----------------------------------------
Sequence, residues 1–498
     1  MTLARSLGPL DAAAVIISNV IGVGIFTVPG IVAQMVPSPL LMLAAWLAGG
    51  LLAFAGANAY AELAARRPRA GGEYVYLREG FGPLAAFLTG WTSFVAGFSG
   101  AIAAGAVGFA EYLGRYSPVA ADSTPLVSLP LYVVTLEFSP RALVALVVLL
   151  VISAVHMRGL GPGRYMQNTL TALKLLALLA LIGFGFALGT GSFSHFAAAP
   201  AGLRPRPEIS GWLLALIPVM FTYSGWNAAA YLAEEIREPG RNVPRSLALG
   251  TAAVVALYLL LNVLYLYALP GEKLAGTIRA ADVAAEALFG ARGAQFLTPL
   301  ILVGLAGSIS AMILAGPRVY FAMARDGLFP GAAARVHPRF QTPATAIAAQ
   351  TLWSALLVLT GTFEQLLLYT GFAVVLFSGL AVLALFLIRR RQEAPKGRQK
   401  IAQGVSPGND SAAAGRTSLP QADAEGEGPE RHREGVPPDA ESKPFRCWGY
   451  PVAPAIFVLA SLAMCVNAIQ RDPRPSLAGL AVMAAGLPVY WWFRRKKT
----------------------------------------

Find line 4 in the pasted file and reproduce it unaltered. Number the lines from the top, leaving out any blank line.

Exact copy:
   101  AIAAGAVGFA EYLGRYSPVA ADSTPLVSLP LYVVTLEFSP RALVALVVLL